Philippines identifies second choice for third telecom player
MANILA, Philippines — The Philippines now has two choices for a third telecom player that would disrupt a longstanding duopoly that has angered consumers in a nation said to have the slowest internet speed in the Asia Pacific.
President Rodrigo Duterte has invited China to be his country’s third telecom carrier. He made the offer to Chinese Premier Le Keqiang, who visited the country last November.
A third telecom provider is targeted to be up and running by the first quarter of 2018.
Presidential Communications Operations Secretary Martin Andanar earlier revealed that China Telecom would become the third player in the country's telecom industry, backed by a consortium of Filipino businesses.
Aside from China Telecom, Andanar told DWIZ radio on Tuesday that Philippine Telegraph and Telephone Corp., which is in talks with a South Korean telecom firm, is also interested to be a new telecom provider.
In a disclosure posted on the Philippine Stock Exchange, PT&T confirmed that the company is in an “advanced stage” of discussions on a partnership deal with a South Korean telecom firm, which PT&T has yet to identify.
“Disclosure will be made as soon as an agreement has been finalized with the South Korean telecom firm,” PT&T said.
“PT&T is bound by a non-disclosure agreement prohibiting it from disclosing the identity of the said Korean firm,” it added.
According to the company, PT&T had also met with representatives of China Telecom but “no material developments since then.”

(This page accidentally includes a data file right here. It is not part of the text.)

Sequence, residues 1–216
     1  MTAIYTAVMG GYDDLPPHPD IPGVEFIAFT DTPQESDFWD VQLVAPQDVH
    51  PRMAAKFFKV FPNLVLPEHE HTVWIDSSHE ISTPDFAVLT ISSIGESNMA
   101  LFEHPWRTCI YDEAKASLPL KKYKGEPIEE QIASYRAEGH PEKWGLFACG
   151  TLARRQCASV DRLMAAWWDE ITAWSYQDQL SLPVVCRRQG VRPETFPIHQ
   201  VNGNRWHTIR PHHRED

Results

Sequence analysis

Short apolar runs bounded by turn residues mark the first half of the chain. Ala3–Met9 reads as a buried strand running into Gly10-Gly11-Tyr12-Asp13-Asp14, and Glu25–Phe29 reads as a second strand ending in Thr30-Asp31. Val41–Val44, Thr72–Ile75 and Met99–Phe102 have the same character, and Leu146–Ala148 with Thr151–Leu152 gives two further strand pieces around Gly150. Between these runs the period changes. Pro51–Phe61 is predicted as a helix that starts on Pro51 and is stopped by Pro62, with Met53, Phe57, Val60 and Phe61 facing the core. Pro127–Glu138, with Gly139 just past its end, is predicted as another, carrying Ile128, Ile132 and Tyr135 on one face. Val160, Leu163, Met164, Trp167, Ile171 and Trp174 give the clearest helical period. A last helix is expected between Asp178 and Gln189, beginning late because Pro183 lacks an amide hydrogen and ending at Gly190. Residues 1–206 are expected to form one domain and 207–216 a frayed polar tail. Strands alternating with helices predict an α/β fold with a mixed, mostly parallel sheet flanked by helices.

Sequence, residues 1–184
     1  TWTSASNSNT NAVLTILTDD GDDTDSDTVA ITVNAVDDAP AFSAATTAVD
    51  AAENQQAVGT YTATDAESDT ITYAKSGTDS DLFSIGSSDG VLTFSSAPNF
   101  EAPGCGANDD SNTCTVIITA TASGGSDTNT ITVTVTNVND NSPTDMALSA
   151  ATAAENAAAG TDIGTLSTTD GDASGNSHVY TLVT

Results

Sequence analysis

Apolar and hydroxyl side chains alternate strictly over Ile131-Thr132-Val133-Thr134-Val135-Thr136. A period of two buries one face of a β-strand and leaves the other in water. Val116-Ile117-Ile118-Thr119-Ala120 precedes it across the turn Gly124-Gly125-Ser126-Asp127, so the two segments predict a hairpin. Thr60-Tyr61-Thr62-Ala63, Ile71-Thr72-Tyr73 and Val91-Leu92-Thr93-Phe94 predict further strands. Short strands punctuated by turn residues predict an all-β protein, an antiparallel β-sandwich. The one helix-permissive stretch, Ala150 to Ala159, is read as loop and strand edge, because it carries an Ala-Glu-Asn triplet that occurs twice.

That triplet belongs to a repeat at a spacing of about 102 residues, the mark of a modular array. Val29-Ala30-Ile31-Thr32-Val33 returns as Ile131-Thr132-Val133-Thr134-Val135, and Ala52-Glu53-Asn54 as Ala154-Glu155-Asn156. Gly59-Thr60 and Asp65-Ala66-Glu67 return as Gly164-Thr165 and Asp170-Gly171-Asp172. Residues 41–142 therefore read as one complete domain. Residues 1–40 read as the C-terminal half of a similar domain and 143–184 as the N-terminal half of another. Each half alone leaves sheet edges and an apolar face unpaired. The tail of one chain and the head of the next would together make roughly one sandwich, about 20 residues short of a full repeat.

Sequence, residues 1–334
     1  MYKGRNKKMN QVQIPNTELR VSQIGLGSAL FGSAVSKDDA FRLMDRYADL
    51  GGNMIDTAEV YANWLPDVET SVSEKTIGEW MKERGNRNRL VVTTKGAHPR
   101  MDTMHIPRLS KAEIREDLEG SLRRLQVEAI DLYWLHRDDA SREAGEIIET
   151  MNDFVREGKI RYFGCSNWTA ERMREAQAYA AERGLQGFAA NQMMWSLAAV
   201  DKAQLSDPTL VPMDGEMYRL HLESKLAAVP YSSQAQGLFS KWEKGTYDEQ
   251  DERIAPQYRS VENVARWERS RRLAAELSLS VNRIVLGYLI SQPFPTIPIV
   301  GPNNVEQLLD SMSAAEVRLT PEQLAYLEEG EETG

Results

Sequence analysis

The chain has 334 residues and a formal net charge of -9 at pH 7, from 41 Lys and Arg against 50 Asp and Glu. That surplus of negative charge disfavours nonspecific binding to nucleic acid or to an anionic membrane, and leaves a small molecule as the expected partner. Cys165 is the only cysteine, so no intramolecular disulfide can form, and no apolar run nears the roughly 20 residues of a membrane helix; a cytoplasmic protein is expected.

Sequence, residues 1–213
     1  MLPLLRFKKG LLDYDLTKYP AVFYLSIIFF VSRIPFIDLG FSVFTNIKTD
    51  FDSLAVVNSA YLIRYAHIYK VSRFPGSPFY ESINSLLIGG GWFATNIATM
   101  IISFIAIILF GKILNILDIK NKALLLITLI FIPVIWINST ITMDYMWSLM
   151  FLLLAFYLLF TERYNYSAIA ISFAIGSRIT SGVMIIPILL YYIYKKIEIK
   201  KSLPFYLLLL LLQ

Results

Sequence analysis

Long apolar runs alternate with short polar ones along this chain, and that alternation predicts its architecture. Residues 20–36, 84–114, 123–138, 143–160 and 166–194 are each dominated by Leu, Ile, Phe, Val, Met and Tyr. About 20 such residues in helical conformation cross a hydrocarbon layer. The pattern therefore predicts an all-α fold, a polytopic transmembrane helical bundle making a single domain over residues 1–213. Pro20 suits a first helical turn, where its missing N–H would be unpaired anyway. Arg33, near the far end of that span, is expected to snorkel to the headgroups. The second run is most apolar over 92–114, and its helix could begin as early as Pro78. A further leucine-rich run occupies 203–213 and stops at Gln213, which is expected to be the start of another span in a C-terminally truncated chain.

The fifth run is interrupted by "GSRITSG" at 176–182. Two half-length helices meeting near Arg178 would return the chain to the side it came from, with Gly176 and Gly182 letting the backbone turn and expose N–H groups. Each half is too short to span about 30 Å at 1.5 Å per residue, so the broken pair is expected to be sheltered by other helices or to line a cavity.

To ensure the fast entry of a new telecom carrier, Duterte had warned courts against “prolonging the process” by issuing injunctions.
“This is a matter of national interest for the benefit of the public,” he said.Philippine Competition Commission willing to help
Philippine Competition Commission Chairman Arsenio Balisacan was quoted as saying in a report by Nikkei that the country’s antitrust watchdog is more than willing to facilitate the arrival of a third telecom player.
"We are also open to helping the government in designing the [entry] terms at least from the competition lens,” Balisacan said.
Duterte earlier threatened incumbent providers PLDT Inc. and Globe Telecom Inc. with new competition from China if they do not shape up.
Last year, PLDT and Globe together agreed to buy conglomerate San Miguel Corp. out of the sector for $1.5 billion, pledging to invest heavily to boost internet service. The acquisition was the country's biggest corporate transaction in nearly three years.
The Court of Appeals, in a decision dated October 18, ordered the PCC to permanently stop its review of the deal and recognize its validity.
Meanwhile, moves to open up the Philippines’ telecom industry might face some challenges. Under the Constitution, foreign investors are only allowed up to 40 percent on certain businesses and industries.
The Duterte administration had been working on easing foreign ownership limits by relaxing the Foreign Investment Negative List (FINL), particularly in the areas of retail trade, practice of professions, public utilities and infrastructure contractors.